The MBTA has grandiose plans to use the Grand Junction Railroad to allow trains from Allston and points west to avoid South Station entirely. The Grand Junction provides a bypass to the west of Downtown Boston, which currently sees no passenger service but is used for non-revenue moves between the South Station and North Station networks. There are periodic plans to reactive service so as to enable trains from the west to serve Cambridge and North Station instead. In the flip option, all local trains are required to go to the Grand Junction or switch back to the mainline using the ladder track.

Consult the following table, sourced to OnTheMap, for the number of jobs accessible within walking distance of the various station sites:

Station Walkshed boundaries Jobs
South Station Essex, Tremont, State, the harbor 119,191
Back Bay Hereford, Belvidere, Columbus, Arlington, Storrow 62,513
Kendall Binney, Third, Wadsworth, Memorial, Mass Ave, Windsor, Bristol 29,248
North Station Blossom, Cambridge, State, Prince, the river 33,232

Jobs accessible on the existing mainline outnumber ones accessible via the Grand Junction by a factor of about three. It is not technically sound to avoid city center on an urban rail line, much less a suburban one. Only if the line is a consistent circumferential line is there a good reason to go around the center.

A far-future subway duplicating the 66 route may succeed. The same may be true of a shuttle using the Grand Junction, but such shuttle may well need extensive new track – West Station is not necessarily the best south-of-Charles footprint (turning east toward BU to form a loop with a future North-South Rail Link is better). In contrast, the current plan for diversion of Newton trains toward a secondary job center and away from Downtown Boston has no chance of getting substantial ridership.

The railyard as an obstacle

For a project so focused on redevelopment, West Station does not do a good job encouraging construction in the area. It plans to keep the railyard in the middle, and even forces local and express trains to go on opposite sides of it. But the railyard is an obstacle not only to sound railway operations but also to redevelopment.

Building anything over rail tracks is complicated. New York supplies a few such examples: the link mentions the difficulties of Atlantic Yards, and to that I will add that the construction of the Hudson Yards towers cost around $12,000/m^2, compared with $3,000-6,000 for Manhattan supertall office towers on firma. Hudson Yards has managed to be financially successful, albeit with tax breaks, but it’s located right outside Midtown Manhattan. Allston’s location is not so favored. The cost penalty of building over railyards is likely to make air rights unviable.

There is still an extensive portion of the site that’s on firma. However, if the point is to maximize redevelopment potential, the city and the state must discard any plans for air rights. The railyard should go in order to increase the buildable area.

In lieu of parking at a railyard in a desirable near-center location, trains should circulate back and forth between Boston and Worcester. The MBTA keeps saddling itself with capital costs because it likes running trains one-way to Downtown Boston in the morning and then back to the suburbs in the afternoon, parking them near South Station midday. This is bad practice – trains are not just for suburban salarymen’s commutes. Urban infill stations in particular benefit from high all-day frequency and symmetric service. If the MBTA needs space for train parking, it should sell the railyard in Allston and charge Allston land prices, and instead buy space in Framingham and Worcester for Framingham and Worcester land prices.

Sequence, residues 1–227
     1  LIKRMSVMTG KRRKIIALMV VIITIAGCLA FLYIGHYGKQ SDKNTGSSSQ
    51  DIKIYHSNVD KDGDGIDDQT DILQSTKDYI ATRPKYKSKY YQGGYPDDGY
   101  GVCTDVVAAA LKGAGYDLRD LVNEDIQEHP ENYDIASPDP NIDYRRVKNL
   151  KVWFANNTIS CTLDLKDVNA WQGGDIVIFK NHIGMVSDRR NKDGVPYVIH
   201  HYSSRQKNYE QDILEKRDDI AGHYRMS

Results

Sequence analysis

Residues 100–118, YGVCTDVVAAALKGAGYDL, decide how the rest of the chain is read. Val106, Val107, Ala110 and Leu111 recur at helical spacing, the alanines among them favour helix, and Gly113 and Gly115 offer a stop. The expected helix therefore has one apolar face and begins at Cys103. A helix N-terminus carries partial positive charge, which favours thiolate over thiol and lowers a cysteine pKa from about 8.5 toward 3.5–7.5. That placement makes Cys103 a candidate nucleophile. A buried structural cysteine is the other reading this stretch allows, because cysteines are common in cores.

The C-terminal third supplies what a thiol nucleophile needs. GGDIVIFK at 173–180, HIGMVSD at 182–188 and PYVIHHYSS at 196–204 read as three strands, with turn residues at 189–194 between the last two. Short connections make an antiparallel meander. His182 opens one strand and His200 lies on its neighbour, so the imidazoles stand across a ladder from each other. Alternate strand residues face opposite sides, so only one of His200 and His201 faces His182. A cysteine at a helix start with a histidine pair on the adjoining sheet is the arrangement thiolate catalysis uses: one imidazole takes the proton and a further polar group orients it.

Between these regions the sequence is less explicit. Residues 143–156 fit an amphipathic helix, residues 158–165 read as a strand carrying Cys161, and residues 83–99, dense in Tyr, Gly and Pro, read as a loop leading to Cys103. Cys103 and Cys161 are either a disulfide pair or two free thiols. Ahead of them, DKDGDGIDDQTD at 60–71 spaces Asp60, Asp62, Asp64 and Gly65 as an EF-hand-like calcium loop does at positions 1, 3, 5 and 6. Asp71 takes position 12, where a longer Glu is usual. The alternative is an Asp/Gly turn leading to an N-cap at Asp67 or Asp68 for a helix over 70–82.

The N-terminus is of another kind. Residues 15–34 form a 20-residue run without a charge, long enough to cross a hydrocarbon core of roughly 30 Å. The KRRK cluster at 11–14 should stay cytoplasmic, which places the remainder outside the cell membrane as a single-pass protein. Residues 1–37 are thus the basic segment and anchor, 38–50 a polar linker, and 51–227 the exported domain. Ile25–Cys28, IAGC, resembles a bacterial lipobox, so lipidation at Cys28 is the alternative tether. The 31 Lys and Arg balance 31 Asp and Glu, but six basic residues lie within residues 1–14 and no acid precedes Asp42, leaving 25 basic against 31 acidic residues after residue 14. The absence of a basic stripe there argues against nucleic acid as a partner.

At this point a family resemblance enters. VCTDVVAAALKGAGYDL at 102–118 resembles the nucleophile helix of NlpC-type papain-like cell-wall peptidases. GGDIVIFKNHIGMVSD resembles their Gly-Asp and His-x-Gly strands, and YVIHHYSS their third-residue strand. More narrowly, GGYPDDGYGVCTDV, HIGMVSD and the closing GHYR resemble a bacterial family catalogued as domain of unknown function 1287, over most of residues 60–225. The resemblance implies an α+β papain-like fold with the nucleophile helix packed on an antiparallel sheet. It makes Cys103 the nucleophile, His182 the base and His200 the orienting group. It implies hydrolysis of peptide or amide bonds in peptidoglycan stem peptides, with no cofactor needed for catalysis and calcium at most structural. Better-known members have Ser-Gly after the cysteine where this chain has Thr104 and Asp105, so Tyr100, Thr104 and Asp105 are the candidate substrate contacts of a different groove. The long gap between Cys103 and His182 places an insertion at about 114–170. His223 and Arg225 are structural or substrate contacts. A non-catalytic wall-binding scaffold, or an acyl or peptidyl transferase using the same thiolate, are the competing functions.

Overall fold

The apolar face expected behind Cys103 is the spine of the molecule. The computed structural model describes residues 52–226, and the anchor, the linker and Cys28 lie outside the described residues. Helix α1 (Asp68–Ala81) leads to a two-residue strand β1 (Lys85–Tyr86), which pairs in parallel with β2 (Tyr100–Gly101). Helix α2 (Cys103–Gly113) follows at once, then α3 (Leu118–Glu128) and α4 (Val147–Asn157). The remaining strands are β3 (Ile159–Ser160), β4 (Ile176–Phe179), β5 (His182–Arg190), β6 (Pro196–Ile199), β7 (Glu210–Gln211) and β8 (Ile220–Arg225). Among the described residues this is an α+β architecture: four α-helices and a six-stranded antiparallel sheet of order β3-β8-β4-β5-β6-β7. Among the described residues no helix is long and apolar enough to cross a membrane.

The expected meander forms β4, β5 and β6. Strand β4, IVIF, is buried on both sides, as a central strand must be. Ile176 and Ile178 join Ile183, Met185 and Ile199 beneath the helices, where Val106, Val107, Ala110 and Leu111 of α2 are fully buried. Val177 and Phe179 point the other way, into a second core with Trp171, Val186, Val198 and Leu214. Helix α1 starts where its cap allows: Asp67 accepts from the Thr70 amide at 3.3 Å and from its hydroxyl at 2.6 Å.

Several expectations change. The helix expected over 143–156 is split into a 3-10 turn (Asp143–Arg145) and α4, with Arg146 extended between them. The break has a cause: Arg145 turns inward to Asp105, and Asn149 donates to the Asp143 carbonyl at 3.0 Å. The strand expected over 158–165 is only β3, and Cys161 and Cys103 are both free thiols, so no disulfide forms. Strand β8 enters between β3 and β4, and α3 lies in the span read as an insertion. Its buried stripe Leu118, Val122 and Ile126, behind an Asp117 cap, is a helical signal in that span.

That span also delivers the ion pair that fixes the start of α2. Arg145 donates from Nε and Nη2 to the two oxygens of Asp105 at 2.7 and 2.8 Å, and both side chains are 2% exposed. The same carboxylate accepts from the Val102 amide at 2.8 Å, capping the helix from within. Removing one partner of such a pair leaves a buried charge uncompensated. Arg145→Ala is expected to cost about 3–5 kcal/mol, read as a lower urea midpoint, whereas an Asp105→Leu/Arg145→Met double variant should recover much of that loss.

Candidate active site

West Station, done right

Thanks to delays and cost overruns, West Station is still in preliminary design. There is plenty of time to discard the flip option as well as the original plan in favor of a route that maximizes intermodal connections at minimum cost. A better West Station should have all of the following features:

  • A simple four-track design, either with two stopping tracks and two bypass tracks or four stopping tracks and two island platforms, depending on long-term plans for train timetables
  • High design speed, as high as the rest of the line for nonstop trains, as the tracks are straight and do not require any speed restriction
  • Retention of double-track rail service throughout construction, even at the cost of more disruption to the Massachusetts Turnpike
  • No at-grade conflicts in opposing directions: tracks should go slow-fast-fast-slow or fast-slow-slow-fast rather than slow-slow-fast-fast
  • No bus bays: crosstown buses (that is, the 66) should stop on the street crossing the station right above the tracks, with vertical circulation directly from the bus stop to the platform in order to minimize transferring time
  • Subject to site availability, platforms reaching Cambridge Street for a connection to the present-day 66 and a shorter walk to Union Square
  • Elimination of the railyard to make more room for development, and if the line needs more yard space, then the state should find cheaper land for it in Framingham and Worcester

There is no reason for such a project to cost more than past infill stations built in Boston, which have cost around $15-25 million, about the same range as Berlin. By removing unnecessary scope, the MBTA can make West Station not only cheaper and easier to build but also more useful for passengers. The idea of an infill commuter rail station in Allston is good and I commend the MBTA for it, but the current plan is overbuilt and interferes with good rail and bus operations and needs to be changed immediately, in advance of engineering and construction.

19 comments

  1. Pokemon Black Card